What has global warming done since 1998?

What The Science Says:
Every part of the Earth's climate system has continued warming since 1998, with 2015 shattering temperature records.

Climate Myth: It hasn't warmed since 1998
For the years 1998-2005, temperature did not increase. This period coincides with society's continued pumping of more CO2 into the atmosphere. (Bob Carter)

Even if we ignore long term trends and just look at the record-breakers, 2015, 2014, 2010, and 2005 were hotter than 1998.

The myth of no warming since 1998 was based on the satellite record estimates of the temperature of the atmosphere.  However, as discussed in the video below by Peter Sinclair, even that argument is no longer accurate.  The satellites show warming since 1998 too.

To claim global warming stopped in 1998 also overlooks a simple physical reality - the land and atmosphere are just a small fraction of the Earth's climate (albeit the part we inhabit). The entire planet is accumulating heat due to an energy imbalance. The atmosphere is warming. Oceans are accumulating energy. Land absorbs energy and ice absorbs heat to melt. To get the full picture on global warming, you need to view the Earth's entire heat content.  More than 90% of global warming heat goes into warming the oceans, while less than 3% goes into increasing the atmospheric and surface air temperatures. Nuccitelli et al. (2012) showed that the Earth has continued to heat up since 1998.

Fig 2

Figure 1: Land, atmosphere, and ice heating (red), 0-700 meter OHC increase (light blue), 700-2,000 meter OHC increase (dark blue).  From Nuccitelli et al. (2012).

In 1998, an abnormally strong El Niño caused heat transfer from the Pacific Ocean to the atmosphere. Consequently, we experienced above average surface temperatures. Conversely, the 2000s saw predominantly La Niña conditions, which had a cooling effect on global temperatures.  As a result, the warming of atmosphere and surface temperatures temporarily slowed.  They've now started to speed up again, and the planet as a whole has kept on heating up the whole time.

Using moving averages to discern the long-term trend

With so much internal variability, scientists employ statistical methods to discern long-term trends in surface temperature. The easiest way to remove short-term variations, revealing any underlying trend, is to plot a moving average, performed in Waiting for Cooling (Fawcett & Jones 2008) . Figure 3 displays the 11-year moving average - an average calculated over the year itself and five years either side. They've used three different data-sets - NCDC, NASA GISS and the British HadCRUT3. In all three data-sets, the moving average shows no sign that the warming trend has reversed.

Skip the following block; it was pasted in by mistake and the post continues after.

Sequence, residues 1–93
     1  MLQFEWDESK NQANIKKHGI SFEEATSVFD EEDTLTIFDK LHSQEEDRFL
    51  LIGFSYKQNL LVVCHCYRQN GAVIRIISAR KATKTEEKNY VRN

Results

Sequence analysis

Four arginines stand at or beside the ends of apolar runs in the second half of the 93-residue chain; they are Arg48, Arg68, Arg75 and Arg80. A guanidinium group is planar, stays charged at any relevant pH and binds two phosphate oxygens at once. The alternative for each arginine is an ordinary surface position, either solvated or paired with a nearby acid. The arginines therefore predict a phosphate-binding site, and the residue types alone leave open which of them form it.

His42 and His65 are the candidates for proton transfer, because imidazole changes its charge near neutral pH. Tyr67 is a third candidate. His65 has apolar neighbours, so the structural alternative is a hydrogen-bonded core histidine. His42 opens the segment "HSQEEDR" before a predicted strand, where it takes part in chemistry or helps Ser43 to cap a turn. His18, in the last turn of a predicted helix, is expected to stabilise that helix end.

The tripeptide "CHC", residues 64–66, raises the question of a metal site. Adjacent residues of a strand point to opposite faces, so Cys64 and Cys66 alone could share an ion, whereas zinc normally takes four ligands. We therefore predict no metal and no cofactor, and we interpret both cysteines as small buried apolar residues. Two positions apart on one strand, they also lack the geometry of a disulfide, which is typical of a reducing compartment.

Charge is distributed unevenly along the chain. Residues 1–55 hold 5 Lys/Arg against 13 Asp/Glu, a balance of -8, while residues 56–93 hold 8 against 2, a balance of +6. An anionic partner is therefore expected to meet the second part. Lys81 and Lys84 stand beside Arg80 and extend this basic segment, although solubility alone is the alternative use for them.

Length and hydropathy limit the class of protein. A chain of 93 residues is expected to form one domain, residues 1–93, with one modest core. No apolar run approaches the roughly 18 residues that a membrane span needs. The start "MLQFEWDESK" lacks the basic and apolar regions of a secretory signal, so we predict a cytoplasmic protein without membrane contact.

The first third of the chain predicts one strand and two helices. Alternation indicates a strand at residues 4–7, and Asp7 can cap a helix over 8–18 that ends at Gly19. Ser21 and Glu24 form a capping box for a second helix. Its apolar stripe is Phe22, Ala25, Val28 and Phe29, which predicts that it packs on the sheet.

Figure 2: Globally-averaged annual mean temperature anomalies in degrees Celsius, together with 11-year unweighted moving averages (solid lines). Blue circles from the Hadley Centre (British). Red diamonds from NASA GISS. Green squares from NOAA NCDC. NASA GISS and NOAA NCDC are offset in vertical direction by increments of 0.5°C for visual clarity.

The linear trend since 1997 or 1998

Next, Fawcett and Jones look for a cooling trend in the 10 years since 1998. They find the linear trend over 1998 to 2007 is a warming trend in all three data-sets. Note that HadCRUT3 displays less warming than NASA GISS and NCDC. This is most likely due to the fact that HadCRUT data doesn't cover parts of the Arctic where there has been strong warming in recent years.

Figure 3: Linear trends (solid lines) in the three global annual mean temperature anomaly time series over the decade 1998-2007.

Cowtan & Way (2013) also evaluates global surface warming across the globe by using a statistical method known as 'kriging' andby using satellite data to fill in the gaps where there are no temperature stations.  Their study shows that the global surface warming trend for 1997–2015 is approximately 0.14°C per decade.

Removing El Niño and other Exogeneous Factors

In addition to removing the ENSO signlal, Foster and Rahmstorf (2011) used multiple linear regression to remove the effects of solar and volcanic activity from the surface and lower troposphere temperature data.  Their results are shown in the animation below.


Figure 4: Five data sets (GISS, NCDC, HadCRU, UAH, and RSS) with  and without the effects of ENSO, solar irradiance, and volcanic emissions removed.  Data from Foster and Rahmstorf 2011, animation created by Dana Nuccitelli.

When removing these short-term effects, the warming trend has barely even slowed since 1998 (0.163°C per decade from 1979 through 2010, vs. 0.155°C per decade from 1998 through 2010, and 0.187°C per decade for 2000 through 2010).


To sum up, every component of the Earth's climate has continued to warm since 1998.  The myth of no warming during that time was based on the satellite record of atmospheric temperatures, which now shows warming.  Surface and ocean temperatures have risen, as have sea levels, while ice has melted, spring is starting earlier, and so on.  2015 was hotter than 2010, which was hotter than 2005, which was hotter than 1998.  A monster El Niño event made 1998 relatively hot at the surface and in the atmosphere, but Earth has continued warming rapidly over the past 18 years.

Update July 2015:

Here is a related lecture-video from Denial101x - Making Sense of Climate Science Denial


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